About Colorado VOAD

COVOAD’s Organizational Profile/Mandate

COVOAD falls under the umbrella of NVOAD. NVOAD was formed in 1970 when it was acknowledged that the voluntary agencies’ response following Hurricane Camille (1969) was fragmented and uncoordinated. Thereafter, particularly in response to Hurricane Andrew in the early 1990s, state VOADs began forming throughout the U.S. to support state and regional needs.

In 2010 COVOAD underwent a strategic planning process which resulted in a three-year strategic plan that was finalized in January of 2011.

Download the Strategic Plan Document

Dowload COVOAD By Laws Document

COVOAD works to support its membership by facilitating planning and coordination efforts among response and recovery voluntary agencies. By working together before disasters strike, COVOAD member agencies are better positioned to provide more effective services and minimize duplication.

The core of COVOAD’s success is its commitment to facilitate and enhance what is known as the ‘4 Cs’: communication, coordination, cooperation, and collaboration (see Appendix A for more on ‘The Four Cs’).

The key activities of COVOAD, as with all VOADs, can be categorized into the following:

1. Planning: COVOAD should strive to have a comprehensive understanding of the key resources and capabilities of its members as well as a clear idea of the roles members will fill when a disaster strikes. COVOAD should also clearly articulate what its role is in an event. Planning activities include regular and annual meetings, outreach, and communication (updates, newsletters, website…).

2. Convening: In the event of a disaster, COVOAD should convene its members and other key stakeholders to share information, assess resources, identify needs, and develop a strategy to collectively respond to the disaster. COVOAD should coordinate with regional VOADs when appropriate.

3. Partnering: COVOAD should strive to develop partnerships with key entities to facilitate effective service delivery to those affected by disasters. This may include, but is not limited to, government emergency management agencies, other key government agencies (human services, health, elected officials), the private sector, and voluntary agencies.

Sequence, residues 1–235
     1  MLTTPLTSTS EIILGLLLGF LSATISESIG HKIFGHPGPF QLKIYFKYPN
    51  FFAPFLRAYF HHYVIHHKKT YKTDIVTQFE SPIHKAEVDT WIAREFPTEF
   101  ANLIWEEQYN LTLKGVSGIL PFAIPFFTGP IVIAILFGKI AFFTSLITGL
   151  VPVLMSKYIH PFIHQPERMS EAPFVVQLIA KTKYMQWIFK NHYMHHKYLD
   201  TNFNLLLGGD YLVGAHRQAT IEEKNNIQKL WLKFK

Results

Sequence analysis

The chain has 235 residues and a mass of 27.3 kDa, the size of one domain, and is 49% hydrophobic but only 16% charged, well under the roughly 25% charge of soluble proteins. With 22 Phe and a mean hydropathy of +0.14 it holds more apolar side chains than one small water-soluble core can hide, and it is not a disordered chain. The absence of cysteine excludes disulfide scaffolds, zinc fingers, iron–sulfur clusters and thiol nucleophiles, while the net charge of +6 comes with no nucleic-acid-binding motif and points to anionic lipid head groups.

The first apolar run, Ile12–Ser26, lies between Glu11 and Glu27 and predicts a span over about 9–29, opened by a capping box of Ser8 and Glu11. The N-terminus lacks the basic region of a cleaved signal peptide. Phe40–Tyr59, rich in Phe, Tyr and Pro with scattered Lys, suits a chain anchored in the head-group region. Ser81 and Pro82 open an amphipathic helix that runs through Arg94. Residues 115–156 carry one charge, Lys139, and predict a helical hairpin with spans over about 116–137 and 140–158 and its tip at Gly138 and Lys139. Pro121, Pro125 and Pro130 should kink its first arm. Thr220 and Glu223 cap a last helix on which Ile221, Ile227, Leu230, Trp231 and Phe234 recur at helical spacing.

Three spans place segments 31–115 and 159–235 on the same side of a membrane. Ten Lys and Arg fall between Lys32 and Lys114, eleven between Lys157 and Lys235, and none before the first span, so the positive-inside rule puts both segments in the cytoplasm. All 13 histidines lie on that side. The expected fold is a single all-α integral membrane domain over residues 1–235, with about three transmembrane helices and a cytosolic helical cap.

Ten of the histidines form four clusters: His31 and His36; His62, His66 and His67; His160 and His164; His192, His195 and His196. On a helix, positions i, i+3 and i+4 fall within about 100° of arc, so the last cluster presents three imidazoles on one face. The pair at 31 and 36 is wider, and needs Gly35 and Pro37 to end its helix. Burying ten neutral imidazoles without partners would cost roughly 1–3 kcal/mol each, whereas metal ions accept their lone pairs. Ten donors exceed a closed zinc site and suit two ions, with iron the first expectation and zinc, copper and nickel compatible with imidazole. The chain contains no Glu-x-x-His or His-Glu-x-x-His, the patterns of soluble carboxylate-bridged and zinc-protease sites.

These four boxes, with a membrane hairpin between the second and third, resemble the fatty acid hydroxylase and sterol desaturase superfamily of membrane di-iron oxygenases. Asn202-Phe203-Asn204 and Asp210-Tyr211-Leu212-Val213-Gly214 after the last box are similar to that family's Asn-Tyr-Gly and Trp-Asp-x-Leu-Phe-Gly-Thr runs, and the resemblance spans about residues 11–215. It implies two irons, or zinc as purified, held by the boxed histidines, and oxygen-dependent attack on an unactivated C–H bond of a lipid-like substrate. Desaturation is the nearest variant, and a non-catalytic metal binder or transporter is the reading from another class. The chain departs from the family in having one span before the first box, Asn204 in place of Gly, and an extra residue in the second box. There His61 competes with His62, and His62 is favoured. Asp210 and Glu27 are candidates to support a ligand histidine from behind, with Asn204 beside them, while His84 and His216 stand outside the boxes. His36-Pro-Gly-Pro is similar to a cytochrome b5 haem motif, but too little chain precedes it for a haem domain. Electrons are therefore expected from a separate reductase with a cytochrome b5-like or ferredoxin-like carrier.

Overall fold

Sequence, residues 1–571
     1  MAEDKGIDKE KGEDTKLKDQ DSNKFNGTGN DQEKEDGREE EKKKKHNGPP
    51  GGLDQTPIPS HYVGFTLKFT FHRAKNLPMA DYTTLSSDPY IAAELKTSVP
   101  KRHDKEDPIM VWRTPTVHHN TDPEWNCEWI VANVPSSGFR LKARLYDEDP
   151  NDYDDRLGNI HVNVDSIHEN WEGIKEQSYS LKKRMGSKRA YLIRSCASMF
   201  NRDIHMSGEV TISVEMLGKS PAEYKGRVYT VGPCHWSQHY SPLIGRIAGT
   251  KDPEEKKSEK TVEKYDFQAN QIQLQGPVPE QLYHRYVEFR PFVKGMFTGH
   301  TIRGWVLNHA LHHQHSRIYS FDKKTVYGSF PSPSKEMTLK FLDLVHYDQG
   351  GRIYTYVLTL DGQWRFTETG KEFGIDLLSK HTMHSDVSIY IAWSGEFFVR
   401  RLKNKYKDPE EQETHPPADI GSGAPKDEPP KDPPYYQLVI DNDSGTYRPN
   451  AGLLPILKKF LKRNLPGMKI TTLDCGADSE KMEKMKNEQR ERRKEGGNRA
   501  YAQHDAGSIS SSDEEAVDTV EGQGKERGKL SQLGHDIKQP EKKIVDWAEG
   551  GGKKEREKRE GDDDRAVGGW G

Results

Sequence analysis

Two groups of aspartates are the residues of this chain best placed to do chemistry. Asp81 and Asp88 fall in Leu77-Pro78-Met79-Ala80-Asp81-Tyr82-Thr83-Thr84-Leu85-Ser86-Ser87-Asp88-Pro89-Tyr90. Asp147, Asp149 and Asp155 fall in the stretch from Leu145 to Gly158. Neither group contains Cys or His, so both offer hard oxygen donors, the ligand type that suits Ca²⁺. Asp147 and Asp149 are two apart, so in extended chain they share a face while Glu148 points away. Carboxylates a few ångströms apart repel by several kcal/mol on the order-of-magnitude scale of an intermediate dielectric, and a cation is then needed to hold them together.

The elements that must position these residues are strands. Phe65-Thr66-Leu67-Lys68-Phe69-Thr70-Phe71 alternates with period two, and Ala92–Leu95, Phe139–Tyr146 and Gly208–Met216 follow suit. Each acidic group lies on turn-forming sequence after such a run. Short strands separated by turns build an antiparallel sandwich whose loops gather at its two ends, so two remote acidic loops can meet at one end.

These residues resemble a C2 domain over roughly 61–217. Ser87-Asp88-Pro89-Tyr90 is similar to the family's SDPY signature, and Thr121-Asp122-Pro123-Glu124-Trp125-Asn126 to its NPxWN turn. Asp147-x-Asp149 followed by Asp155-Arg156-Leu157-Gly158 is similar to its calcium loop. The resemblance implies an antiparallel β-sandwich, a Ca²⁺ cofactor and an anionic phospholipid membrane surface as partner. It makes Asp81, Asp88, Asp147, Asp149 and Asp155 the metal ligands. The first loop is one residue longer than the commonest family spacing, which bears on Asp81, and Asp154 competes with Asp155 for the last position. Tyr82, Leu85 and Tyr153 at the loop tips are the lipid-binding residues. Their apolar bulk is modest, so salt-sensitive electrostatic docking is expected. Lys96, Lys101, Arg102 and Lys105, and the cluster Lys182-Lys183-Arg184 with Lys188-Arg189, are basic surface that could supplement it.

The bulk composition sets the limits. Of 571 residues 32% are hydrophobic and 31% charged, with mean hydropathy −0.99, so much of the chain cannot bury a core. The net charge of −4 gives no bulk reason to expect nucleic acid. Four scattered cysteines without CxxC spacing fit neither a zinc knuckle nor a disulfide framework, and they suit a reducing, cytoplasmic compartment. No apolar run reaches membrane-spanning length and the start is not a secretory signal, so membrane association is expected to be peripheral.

4. Training: COVOADs should encourage participation in trainings and exercises among its membership through information sharing of training/exercise opportunities and facilitating engagement when appropriate.

It is important to note that COVOAD itself is not a provider of disaster and recovery services. Its role is to support its members so that they may be more effective in their efforts. Further, COVOAD has no authority over its membership and does not speak on behalf of individual members. While COVOAD may make requests of its membership in an effort to address needs, COVOAD does not have the authority to instruct members on how to utilize their resources or execute their operations. Participation in COVOAD and its collaborative efforts is strictly at the discretion of member agencies.


NVOAD’s mission is based on four core values known as the ‘4 Cs’. The importance of these core values and why they are central to all VOADs is outlined below.
1. Cooperation
Voluntary agencies need and rely on each other.  No single member organization of NVOAD has all the answers for all the challenges that arise during disasters.  Voluntary agencies need to treat each other as partners.
2. Communication
NVOAD member organizations must regularly share information regarding their capacities, accomplishments, limitations, and commitments.  Members must develop and maintain effective channels for information sharing, listen carefully to each other, and deal openly with concerns.
3. Coordination
Member organizations must commit to working together, in a non-competitive manner, toward the goal of effective service delivery to disaster victims.  Through careful planning and preparation, NVOAD can help its member organizations work in a coordinated fashion when a disaster strikes.
4. Collaboration
Member organizations must actively work together to achieve specific goals and undertake specific projects at disaster sites.  They must form effective partnerships during the disaster response.